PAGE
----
Wishing you all the best,

  2. what about high grade DCIS with an invasive component of 5 cm, but according to sentinel node biopsy, all 3 nodes checked were negative, meaning no radiation for me. I am currently undergoing neoadjuvent chemotherapy and a bilateral mastectomy is recommended post chemotherapy treatment. Thank you for your voice!

  3. Mari Sherpa said:

    Well I have DCIS stage 0 high grade 3 ER – and PR – and comedonecrotic. I want to try some alternative therapies prior to going under the knife. Does anyone know if Dr. Lagios will do analysis of the original stereotactic biopsy results or is it only after lumpectomy? Not sure I want to do this as I read an article in the Medical Literature about how surgery can knock the cancer out of it’s “dormancy” phase and get it to activate! Many women at autopsy are found to have DCIS that they NEVER had treated and it didn’t do anything. I would love to know if my original path report is even correct! Maybe I do not have all of those awful things! Thanks ladies….I would opt for active surveillance any day! Dr. Laura Esserman told me when I contacted her that I could likely opt for Lumpectomy and forego radiation….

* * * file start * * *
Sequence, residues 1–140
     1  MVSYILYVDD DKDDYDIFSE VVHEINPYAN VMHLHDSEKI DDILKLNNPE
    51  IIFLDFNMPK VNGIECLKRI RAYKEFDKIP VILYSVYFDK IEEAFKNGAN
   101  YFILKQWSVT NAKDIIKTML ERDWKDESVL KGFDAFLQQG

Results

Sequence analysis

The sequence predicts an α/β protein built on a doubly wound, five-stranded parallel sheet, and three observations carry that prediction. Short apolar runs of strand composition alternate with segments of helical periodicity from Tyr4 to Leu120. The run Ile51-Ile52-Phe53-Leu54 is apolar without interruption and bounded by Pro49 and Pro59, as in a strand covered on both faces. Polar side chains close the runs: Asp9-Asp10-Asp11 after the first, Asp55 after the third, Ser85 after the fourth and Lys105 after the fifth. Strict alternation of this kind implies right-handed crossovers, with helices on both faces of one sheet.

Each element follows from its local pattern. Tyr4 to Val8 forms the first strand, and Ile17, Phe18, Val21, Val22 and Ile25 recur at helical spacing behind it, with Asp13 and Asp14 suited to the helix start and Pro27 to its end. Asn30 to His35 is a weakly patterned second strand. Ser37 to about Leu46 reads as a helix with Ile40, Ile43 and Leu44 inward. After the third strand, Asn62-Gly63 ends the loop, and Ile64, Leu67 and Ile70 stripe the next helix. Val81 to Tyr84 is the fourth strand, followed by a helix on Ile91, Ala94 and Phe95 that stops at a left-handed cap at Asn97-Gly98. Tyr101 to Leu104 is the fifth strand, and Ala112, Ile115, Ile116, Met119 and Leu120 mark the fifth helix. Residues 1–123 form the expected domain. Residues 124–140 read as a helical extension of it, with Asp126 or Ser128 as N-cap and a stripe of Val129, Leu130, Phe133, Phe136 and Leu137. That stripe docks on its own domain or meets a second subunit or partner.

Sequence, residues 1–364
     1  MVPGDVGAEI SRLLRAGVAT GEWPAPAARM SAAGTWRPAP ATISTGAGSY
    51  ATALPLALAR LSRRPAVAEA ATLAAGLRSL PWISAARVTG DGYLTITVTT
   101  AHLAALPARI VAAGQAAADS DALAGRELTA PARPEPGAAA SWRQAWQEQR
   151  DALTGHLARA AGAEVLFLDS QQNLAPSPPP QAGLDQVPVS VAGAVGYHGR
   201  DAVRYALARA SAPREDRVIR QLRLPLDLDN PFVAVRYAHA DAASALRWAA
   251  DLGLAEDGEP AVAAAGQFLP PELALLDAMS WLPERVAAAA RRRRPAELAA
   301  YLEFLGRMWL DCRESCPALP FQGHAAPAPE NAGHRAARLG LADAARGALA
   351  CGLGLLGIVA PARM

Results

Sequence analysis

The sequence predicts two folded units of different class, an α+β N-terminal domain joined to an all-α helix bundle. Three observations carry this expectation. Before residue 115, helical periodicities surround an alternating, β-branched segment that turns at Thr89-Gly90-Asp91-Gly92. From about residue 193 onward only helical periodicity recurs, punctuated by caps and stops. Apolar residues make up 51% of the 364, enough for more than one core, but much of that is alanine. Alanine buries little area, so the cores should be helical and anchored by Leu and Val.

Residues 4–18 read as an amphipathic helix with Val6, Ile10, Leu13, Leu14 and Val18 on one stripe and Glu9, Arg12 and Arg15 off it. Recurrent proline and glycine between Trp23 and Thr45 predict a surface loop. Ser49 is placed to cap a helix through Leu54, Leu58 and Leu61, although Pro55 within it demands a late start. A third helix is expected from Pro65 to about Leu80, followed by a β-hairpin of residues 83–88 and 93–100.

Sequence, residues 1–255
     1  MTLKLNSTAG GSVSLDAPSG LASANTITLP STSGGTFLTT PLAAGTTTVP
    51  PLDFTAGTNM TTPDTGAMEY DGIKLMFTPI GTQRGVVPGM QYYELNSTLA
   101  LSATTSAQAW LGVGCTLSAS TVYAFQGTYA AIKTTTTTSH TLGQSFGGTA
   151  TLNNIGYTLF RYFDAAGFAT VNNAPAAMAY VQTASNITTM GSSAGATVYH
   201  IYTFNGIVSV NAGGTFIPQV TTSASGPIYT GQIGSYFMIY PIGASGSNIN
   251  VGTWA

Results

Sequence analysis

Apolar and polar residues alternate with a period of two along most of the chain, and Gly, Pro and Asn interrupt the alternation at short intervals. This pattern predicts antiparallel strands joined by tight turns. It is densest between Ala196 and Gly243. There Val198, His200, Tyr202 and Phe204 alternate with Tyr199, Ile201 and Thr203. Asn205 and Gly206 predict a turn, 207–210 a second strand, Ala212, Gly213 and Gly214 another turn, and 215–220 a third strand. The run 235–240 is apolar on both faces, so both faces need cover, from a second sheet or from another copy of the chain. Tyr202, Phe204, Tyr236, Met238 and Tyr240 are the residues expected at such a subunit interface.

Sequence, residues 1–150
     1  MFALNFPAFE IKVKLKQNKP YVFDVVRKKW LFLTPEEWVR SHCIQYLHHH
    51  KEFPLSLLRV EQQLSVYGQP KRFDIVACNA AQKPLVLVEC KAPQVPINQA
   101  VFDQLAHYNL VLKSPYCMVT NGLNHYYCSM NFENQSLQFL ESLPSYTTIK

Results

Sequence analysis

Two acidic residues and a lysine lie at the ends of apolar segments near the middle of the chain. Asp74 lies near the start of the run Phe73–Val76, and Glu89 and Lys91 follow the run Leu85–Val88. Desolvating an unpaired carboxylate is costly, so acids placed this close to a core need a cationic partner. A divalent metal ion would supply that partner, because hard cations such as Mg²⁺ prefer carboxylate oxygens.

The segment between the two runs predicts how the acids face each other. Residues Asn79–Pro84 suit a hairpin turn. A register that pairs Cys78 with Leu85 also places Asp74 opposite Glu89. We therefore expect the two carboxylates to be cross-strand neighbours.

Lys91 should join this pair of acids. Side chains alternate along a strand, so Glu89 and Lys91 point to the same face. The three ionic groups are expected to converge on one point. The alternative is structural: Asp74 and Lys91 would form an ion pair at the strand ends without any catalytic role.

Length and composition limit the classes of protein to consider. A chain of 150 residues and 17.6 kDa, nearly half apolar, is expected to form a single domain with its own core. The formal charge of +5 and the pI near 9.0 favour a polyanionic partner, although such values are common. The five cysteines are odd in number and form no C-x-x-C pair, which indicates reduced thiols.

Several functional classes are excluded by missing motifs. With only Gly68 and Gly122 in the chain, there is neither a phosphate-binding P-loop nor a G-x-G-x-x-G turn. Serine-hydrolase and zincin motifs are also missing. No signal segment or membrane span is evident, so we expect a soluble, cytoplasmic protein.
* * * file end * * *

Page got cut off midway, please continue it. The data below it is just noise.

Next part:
4. At the age of 68 reading all these alarmed, scared and frustrated posts I am glad I never did a mammography and I think I will never take one, comparable to Katherine Langley’s mother, whom she wrote “died from an aortic aneurysm at age 80 in 1997.” One “cannot say for sure that she did not have breast cancer. Often, they saw a doctor regularly (maybe), “felt for something” themselves and skipped what they thought was too much trouble.”
    Even if one day true breast cancer would be diagnosed I would not regret it, having had a long time without fears and concerns about the “right time to intervene”.
    When my gynecologist told me at the age of 50 to take HRT and I refused, he told me I would regret it. I never did on the contrary; with the increase in breast cancers I was glad not to have followed his advice.
    When I received the invitation to screening mammography I would not follow the invitation because at that time our research had shown that benign cells were mobilized into the blood stream during mammography of healthy subjects. What about tumor cells?